THE HANDMAID’S TALE Cast/Creators Think Margaret Atwood’s Story Is Always Relevant

The cast of  The Handmaid’s Tale know what you’re going to say—never before has this story been so prescient. And while that may be true, it’s also worth noting, as Executive Producer Bruce Miller so posited during the Hulu series’ 2017 Television Critics Association Winter Tour, “Every time someone reads this they go, ‘wow, this is timely.'”Bringing Margaret Atwood’s speculative fiction tale to the small screen isn’t its first time ’round the entertainment block. The novel—which has yet to go out of print even ONCE since it premiered in the mid-’80s—has been several plays, a ballet, a movie, and a radio serial, just to name a few. But today, in the wake of all that’s going on socially around the world, the machinations at play in the Republic of Gilead feel less like a this-could-never-happen story, to something more akin to an episode of Black Mirror.For Elizabeth Moss, who plays the titular character—a handmaid named Offred (whose original name was June in the world before this totalitarian society took hold)—was happy to discover that re-reading the book years after her initial read, she “was still incredibly taken and interested in the story.””I selfishly said yes because I couldn’t stand the thought of someone else doing it” explained Moss.For O.T. Fagbenle, who plays June/Offred (Elisabeth Moss)’s pre-Handmaid husband, Luke, “the central themes—the distribution of power & gender & who controls reproduction—were most important” to dissect. It was a notion that was echoed by The Commander, a man in a high position of power within the regime, something he found incredible powerful. “I love that [Offred] finds power in a position of nothingness,” explained Fiennes.Freedom and power and the things people do to control them are tantamount to the story of “a society that’s based in a perverted reading of the Old Testament” explained Miller. But before you pick up your pitchforks, these are not thinly-veiled stand-ins for Christians. In fact, the writing staff has been using the Puritans as a model because “they like their religious freedom, but no one else’s.”Still, it begs the question: how many seasons could a story like this go on for? According to Bruce Miller: “C’mon: 200. Forever. I think there’s an incredible amount in the book” to explore. Given the state of the world, something about that statement feels right.Are you looking forward to The Handmaid’s Tale? Let us know your thoughts in the comments as we wait impatiently for its April 26th, 2017 premiere.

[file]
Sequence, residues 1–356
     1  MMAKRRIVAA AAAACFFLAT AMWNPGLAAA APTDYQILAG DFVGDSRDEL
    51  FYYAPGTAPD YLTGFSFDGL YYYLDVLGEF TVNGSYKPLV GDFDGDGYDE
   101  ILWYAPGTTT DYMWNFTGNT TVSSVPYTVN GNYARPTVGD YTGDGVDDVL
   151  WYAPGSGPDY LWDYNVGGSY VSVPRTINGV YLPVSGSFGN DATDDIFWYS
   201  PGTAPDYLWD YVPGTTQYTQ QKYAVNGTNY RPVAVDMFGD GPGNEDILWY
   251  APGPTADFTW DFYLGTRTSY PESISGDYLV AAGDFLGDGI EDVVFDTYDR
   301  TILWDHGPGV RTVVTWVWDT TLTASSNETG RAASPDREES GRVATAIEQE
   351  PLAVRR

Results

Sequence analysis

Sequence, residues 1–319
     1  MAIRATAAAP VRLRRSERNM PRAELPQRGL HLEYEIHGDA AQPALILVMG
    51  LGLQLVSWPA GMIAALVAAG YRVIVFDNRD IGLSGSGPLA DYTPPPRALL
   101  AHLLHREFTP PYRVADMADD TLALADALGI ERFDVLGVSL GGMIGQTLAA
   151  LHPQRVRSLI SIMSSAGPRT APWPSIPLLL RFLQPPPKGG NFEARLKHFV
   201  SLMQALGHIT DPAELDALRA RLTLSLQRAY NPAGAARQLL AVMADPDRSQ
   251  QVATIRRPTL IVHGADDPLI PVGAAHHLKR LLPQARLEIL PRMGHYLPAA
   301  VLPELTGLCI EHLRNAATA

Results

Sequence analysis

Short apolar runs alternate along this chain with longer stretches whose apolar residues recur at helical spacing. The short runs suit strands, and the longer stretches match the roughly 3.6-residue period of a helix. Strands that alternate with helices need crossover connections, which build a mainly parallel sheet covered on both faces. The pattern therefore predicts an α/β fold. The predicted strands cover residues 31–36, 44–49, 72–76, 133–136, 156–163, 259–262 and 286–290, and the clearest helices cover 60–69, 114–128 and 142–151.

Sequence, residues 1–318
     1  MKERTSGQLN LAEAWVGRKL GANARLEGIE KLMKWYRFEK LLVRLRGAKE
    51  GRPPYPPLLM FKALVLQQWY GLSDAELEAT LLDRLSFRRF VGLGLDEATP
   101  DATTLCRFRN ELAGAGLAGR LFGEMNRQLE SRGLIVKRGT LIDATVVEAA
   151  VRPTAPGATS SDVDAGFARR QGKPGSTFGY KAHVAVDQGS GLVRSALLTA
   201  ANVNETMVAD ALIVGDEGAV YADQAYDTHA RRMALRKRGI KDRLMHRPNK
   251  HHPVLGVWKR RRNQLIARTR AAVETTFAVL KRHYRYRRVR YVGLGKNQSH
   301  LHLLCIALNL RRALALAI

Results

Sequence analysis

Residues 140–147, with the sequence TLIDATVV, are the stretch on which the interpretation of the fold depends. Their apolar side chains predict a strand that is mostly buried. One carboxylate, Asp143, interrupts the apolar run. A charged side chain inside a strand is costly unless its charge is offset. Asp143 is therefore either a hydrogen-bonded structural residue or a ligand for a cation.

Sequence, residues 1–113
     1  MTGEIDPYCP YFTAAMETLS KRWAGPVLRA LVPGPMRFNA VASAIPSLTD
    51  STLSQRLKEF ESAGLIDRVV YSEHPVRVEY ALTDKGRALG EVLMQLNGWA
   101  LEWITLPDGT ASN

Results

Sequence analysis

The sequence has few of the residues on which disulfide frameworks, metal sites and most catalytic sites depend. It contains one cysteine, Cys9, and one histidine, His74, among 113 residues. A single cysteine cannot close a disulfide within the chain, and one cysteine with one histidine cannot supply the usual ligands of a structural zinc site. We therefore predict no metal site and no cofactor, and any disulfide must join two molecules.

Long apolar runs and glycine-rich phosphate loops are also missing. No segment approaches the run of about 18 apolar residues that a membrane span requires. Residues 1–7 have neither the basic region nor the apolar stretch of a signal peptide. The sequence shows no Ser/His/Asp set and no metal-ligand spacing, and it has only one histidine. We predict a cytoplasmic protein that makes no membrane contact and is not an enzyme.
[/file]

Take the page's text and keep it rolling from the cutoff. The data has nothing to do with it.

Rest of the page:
Images: Hulu

Alicia Lutes is the Managing Editor of Nerdist, creator/co-host of Fangirling, and a regular user of famed website, Twitter dot com, covering this year’s Television Critics Association 2017 Winter Tour.

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